Thursday, August 23, 2012

Picture of the Week: Nile River Valley

(Post by Seth M. Rodriquez)

As I’ve pointed out before in this series, pictures can be powerful tools in the hands of the Bible teacher.  The right picture can illuminate a passage and bring deeper understanding.  This week’s photo is another example.  It comes from Volume 7 of the revised and expanded edition of the Pictorial Library of Bible Lands, which focuses on Egypt.  The photo is entitled "Nile River Valley Near Beni Hasan Tombs from East" (photo ID #: tb010805121).


When the Israelites were about to enter the Promised Land, Moses contrasted the land of Egypt with the land of Canaan:

For the land, into which you are entering to possess it, is not like the land of Egypt from which you came, where you used to sow your seed and water it with your foot like a vegetable garden. But the land into which you are about to cross to possess it, a land of hills and valleys, drinks water from the rain of heaven, a land for which the Lord your God cares; the eyes of the Lord your God are always on it, from the beginning even to the end of the year. (Deut. 11:10-12, NASB)

In the context of the chapter, Moses is warning the people to obey God’s commandments so that they will prosper in the land.  He explains that life in the Promised Land will be very different than it was in Egypt, and this week’s photo helps explain why.

The agriculture of Egypt is based on the water from the Nile.  Farmers plant their crops in the flat land around the Nile, in part, because they have easy access to water from there.  The phrase in verse 10 “sow your seed and water it with your foot” has produced a number of interpretations, such as carrying the water by foot in buckets, digging channels with one’s feet, and using a mechanical device that is powered by foot.  Whatever the correct interpretation, the point is that in Egypt it was possible to provide water for your crops by mere manpower.  In this week’s photo, you can see the relationship between the farmland and the Nile, and it is clear from this picture that it would be a relatively easy task to get water from the Nile to the crops growing nearby.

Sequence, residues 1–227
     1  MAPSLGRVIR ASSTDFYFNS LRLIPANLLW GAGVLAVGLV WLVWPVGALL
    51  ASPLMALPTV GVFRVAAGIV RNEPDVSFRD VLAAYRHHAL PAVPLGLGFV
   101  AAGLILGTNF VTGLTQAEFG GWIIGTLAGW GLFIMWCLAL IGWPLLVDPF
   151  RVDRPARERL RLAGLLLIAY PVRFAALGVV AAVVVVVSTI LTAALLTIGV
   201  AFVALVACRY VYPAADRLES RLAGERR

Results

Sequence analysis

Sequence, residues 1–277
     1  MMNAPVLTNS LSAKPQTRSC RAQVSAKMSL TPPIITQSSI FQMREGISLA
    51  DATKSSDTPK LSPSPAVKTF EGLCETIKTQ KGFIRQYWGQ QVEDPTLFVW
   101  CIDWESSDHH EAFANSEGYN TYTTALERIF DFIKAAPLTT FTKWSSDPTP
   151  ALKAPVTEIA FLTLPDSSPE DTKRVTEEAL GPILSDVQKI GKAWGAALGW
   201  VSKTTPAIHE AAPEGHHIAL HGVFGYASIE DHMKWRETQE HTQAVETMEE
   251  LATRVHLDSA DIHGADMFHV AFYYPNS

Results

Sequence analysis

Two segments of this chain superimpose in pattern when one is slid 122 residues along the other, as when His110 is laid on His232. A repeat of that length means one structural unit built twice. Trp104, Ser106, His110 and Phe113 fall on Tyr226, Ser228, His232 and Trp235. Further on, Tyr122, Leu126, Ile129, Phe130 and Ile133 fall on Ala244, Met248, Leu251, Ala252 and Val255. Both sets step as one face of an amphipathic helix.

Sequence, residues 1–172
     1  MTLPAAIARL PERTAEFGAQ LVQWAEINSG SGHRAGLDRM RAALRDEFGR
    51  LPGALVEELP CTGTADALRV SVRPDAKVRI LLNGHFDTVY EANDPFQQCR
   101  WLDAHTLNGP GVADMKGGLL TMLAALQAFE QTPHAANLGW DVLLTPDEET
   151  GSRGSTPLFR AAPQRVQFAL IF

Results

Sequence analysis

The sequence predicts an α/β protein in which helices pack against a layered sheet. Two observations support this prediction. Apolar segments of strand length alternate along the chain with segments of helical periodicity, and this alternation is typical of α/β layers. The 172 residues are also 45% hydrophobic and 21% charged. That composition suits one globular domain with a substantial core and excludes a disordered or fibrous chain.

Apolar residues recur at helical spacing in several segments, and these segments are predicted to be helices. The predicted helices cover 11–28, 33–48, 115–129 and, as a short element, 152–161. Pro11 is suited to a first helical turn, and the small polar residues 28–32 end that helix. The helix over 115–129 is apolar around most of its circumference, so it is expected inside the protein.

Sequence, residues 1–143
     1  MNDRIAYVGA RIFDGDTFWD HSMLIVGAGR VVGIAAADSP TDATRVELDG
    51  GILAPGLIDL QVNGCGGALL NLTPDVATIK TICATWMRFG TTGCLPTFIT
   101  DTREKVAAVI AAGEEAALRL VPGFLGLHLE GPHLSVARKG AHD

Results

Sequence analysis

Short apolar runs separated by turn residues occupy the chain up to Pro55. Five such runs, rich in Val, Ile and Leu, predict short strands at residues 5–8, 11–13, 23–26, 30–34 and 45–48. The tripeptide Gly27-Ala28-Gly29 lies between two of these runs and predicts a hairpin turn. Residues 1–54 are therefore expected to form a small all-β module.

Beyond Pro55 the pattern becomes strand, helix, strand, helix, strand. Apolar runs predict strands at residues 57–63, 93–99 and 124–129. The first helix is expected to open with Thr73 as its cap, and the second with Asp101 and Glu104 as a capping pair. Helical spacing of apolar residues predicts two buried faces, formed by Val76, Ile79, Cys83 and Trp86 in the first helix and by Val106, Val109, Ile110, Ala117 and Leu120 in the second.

By contrast, the agriculture of Canaan is vastly different.  There is no convenient and reliable natural source of water for the farmer’s crops.  In contrast to the flat farmlands that surround the Nile, Canaan is “a land of hills and valleys,” which makes moving water from one place to another difficult.  And the only major river that flows through the land, the Jordan, is below sea level for most of its course and is basically useless for irrigation.  Before the advent of modern machinery, the only way the fields could be watered was by rain.
 
So in Deuteronomy 11, Moses warns the people that they must obey God to thrive in the Promised Land.  If they obey, then God will send the rain and they will have food (Deut. 11:13-15).  If they don’t, then:
 
He will shut up the heavens so that there will be no rain and the ground will not yield its fruit; and you will perish quickly from the good land which the Lord is giving you. (Deut. 11:17, NASB)

The land to which God was leading His people was a land that required them to walk by faith and depend on Him.
 
This and other photos of the Nile Valley are included in Volume 7 of the Pictorial Library of Bible Lands and can be purchased here. More information and photos about the Nile River can be found on the BiblePlaces website here.  For more thoughts on how the Land of Israel was a land that fostered faith, see my post here.

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